In the coming weeks, the City Council of La Porte City will make a decision that will have a significant impact on the future of Hawkins Memorial Library. Last week, the Library Board decided to move forward with the purchase of the building located at 210 Main Street, the location of Two Friends Tap, which will close its doors to the public in April.
The Library Board is interested in the property because it represents a sizable increase in square footage. Patrons of the library are painfully aware of the space limitations under which the library currently operates. The facility is out of shelf space for books and lacks adequate space to properly display new books and its collection of some 2,000 DVDs. When showing a movie or conducting a program, access to the materials in those areas is denied to other patrons using the library at that time. With additional space, patrons would have access to amenities considered commonplace in libraries today, including areas for comfortable seating, a room (or rooms) suitable for conducting meetings and a consolidated area for public use of computers.
Last week, the City Council asked for a 30 day extension to more closely study the potential costs associated with renovating the building for use as a public library. Good for them. Local taxpayers rely on their representatives to be good stewards of the limited resources available to provide the community with services that make La Porte City a great place to call home.
This is not the first time La Porte City has been faced with a choice to make regarding the quality of services it will make available to area citizens. On more than one occasion, the City considered the costs and potential benefits of a new family aquatic center. It wasn’t until 2005 that La Porte City voters said yes to a new pool, at a capital project cost of 2.3 million dollars. It is important to remember that $230,000 of the aquatic center’s final price tag was the result of community fundraising efforts.
The La Porte City FFA and Historical Ag Museum offers an excellent example of what can be accomplished in this era of budget cuts and a fragile economy. The Museum Board had a vision of what the old Jail and Firehouse, a structure in danger of falling down, could become. With a determined effort over a period of several years, the restoration it envisioned became the reality that enhances our community today. The museum project was not subject to a public referendum because the primary source of funding came from private fundraising efforts and grants.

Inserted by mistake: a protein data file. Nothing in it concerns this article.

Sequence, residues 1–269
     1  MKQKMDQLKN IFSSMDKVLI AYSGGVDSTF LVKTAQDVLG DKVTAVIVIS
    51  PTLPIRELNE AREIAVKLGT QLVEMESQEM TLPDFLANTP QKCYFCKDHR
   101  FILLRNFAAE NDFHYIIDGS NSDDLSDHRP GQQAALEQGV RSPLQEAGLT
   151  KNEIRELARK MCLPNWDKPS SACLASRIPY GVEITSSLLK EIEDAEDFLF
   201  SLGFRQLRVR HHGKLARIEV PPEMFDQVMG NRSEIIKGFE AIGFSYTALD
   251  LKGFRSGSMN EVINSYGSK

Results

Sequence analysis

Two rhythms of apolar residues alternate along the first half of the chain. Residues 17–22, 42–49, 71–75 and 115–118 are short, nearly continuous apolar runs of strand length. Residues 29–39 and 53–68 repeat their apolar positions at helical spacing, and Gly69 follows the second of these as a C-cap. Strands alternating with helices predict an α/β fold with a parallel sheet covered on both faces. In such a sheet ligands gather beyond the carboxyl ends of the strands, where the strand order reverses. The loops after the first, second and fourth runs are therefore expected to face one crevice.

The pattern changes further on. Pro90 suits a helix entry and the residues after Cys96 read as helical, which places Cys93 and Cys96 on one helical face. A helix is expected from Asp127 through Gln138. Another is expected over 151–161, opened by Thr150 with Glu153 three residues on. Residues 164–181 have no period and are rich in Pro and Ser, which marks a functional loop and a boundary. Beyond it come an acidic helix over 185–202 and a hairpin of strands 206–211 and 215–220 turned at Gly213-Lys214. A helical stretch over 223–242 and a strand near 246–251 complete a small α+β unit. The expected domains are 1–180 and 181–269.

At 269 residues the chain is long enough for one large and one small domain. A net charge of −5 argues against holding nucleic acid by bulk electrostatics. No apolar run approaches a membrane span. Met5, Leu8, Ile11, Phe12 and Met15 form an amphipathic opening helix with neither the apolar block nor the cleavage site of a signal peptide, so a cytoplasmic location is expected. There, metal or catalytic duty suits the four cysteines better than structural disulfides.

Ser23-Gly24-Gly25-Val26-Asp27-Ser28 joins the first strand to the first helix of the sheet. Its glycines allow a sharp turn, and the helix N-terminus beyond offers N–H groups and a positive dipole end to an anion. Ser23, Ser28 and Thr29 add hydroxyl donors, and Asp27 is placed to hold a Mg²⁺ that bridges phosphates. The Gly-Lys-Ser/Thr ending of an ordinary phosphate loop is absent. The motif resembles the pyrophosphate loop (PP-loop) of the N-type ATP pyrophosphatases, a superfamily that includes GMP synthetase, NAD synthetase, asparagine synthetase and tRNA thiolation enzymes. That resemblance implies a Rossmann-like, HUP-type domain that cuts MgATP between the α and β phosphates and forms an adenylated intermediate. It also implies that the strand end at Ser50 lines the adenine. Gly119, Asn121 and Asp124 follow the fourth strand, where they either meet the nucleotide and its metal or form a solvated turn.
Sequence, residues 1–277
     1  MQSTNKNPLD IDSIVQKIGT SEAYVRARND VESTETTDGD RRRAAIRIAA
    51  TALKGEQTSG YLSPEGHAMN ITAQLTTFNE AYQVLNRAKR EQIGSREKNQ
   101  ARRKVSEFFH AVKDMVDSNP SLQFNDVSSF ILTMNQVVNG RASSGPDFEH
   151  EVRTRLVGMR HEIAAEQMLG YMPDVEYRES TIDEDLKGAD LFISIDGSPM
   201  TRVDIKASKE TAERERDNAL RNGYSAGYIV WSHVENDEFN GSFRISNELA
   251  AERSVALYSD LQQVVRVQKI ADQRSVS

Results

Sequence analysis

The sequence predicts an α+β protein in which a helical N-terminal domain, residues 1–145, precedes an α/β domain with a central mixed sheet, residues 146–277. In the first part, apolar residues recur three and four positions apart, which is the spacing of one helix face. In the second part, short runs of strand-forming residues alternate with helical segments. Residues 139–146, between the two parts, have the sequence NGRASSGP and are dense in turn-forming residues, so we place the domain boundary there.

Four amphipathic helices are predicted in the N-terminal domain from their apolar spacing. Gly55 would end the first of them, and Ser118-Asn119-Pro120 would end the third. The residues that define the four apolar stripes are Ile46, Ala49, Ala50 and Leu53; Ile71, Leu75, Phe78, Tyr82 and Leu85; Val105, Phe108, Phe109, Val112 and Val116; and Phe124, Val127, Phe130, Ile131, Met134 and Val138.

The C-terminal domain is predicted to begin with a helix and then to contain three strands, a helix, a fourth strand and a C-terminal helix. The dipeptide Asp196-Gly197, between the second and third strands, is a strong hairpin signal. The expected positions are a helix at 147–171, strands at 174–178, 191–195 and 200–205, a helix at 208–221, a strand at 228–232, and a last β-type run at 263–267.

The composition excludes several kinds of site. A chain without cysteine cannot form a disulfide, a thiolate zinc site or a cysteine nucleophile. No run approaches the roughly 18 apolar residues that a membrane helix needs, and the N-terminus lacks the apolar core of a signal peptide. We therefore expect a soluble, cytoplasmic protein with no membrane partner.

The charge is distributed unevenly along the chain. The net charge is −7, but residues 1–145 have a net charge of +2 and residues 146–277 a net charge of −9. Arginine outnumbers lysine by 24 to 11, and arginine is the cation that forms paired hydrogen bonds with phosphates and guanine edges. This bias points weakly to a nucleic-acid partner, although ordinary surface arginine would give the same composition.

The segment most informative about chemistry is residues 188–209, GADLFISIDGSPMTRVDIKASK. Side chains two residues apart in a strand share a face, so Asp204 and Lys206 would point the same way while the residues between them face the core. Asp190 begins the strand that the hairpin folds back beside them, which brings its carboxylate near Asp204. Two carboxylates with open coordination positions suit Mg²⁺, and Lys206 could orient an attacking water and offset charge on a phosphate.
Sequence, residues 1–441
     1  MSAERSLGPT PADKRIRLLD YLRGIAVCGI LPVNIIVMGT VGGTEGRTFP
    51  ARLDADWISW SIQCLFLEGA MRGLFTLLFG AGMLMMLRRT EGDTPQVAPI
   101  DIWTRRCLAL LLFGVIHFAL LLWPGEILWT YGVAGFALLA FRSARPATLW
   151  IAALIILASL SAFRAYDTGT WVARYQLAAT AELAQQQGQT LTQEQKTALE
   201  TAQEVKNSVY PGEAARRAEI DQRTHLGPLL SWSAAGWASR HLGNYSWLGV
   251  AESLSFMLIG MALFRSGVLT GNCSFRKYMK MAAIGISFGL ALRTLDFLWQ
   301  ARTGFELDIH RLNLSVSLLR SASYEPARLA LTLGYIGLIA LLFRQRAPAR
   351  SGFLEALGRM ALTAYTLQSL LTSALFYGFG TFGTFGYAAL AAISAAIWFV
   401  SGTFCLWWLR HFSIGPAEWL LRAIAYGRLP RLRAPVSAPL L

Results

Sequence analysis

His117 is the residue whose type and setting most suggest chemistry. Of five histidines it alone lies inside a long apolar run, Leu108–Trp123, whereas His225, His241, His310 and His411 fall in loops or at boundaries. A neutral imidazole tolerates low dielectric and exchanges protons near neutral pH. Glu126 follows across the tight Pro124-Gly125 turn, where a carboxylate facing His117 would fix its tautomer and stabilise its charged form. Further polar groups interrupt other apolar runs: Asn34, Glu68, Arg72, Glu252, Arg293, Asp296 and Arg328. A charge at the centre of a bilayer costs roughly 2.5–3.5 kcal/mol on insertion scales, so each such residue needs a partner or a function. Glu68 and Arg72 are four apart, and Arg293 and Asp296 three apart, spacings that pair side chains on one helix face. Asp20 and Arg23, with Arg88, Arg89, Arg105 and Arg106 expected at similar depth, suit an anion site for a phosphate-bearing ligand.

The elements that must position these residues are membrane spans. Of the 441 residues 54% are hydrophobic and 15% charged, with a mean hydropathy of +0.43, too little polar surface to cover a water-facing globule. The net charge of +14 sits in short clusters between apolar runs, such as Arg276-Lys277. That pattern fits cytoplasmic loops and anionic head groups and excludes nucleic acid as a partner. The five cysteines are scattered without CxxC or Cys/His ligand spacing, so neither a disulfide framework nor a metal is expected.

No one can say for sure how much it will cost to renovate 210 Main Street. MSA Professional Services, the engineers that have overseen several City projects, including the construction of a new water tower, along with the reconstruction of a portion of U.S. Highway 218 running through town, has put preliminary estimates in the neighborhood of $500 thousand. Such a dollar amount would give any reasonable person cause to hesitate, especially as the potholes of winter become jarringly evident in the seasonal shift to springtime driving.
But let’s be very clear, here. Moving Hawkins Memorial Library to a new, larger location on Main Street is not a competing interest to repairing our city’s streets. Fortunately for those of us with driver’s licenses, the budget for street repairs does not run through the library trust fund account, nor is money allocated for street repairs diverted to buy books. Just as road repairs did not stop when La Porte City built a new aquatic center, and they continued as scheduled when the FFA Museum saved the Jail and Firehouse, they will not halt when various library fundraisers and grant applications commence.
Fortunately, the Library Board does not have to fund the entire cost of the renovation project right away. Once the building has been fortified with a new roof and made weatherproof, the most expensive portions of the renovation can be tackled as the necessary funds are raised.
In the midst of initiating a downtown revitalization plan, there is another important factor for local decision-makers to consider. While the cost to renovate 210 Main Street involves a significant amount of money, what will happen to the building adjacent to City Hall if the effort to renovate it is politely declined by its next-door neighbors? Will the renovation be taken up by another buyer, or will it perhaps go the way of another Main Street structure, the Hicks building, which the City was forced to demolish after it deteriorated beyond repair.
Whatever decision the City Council chooses to make will result in some cost for our community. If the Library Board is not allowed to pursue 210 Main Street as the solution for providing library patrons with the additional space they need, what then? There do not appear to be any other suitable buildings downtown and the cost to purchase land and/or construct a new building will make the 210 Main Street renovation price tag look like a bargain.
Important decisions such as these are best reached when there is open and cordial dialogue about the pros and cons of the situation. The Progress Review invites readers to logon to its new website at www.theprogressreview.co and share their comments about the future of Hawkins Memorial Library.